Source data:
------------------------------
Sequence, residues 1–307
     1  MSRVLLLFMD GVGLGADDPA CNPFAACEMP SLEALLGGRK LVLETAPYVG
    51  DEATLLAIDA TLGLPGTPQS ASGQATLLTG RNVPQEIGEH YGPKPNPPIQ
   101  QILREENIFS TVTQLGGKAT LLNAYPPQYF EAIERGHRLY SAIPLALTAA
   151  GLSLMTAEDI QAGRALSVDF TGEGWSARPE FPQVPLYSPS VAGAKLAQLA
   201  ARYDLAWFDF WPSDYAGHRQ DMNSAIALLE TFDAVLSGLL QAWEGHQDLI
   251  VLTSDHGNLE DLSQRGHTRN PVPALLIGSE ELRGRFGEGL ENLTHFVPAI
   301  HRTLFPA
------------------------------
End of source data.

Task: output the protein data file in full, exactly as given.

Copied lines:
Sequence, residues 1–307
     1  MSRVLLLFMD GVGLGADDPA CNPFAACEMP SLEALLGGRK LVLETAPYVG
    51  DEATLLAIDA TLGLPGTPQS ASGQATLLTG RNVPQEIGEH YGPKPNPPIQ
   101  QILREENIFS TVTQLGGKAT LLNAYPPQYF EAIERGHRLY SAIPLALTAA
   151  GLSLMTAEDI QAGRALSVDF TGEGWSARPE FPQVPLYSPS VAGAKLAQLA
   201  ARYDLAWFDF WPSDYAGHRQ DMNSAIALLE TFDAVLSGLL QAWEGHQDLI
   251  VLTSDHGNLE DLSQRGHTRN PVPALLIGSE ELRGRFGEGL ENLTHFVPAI
   301  HRTLFPA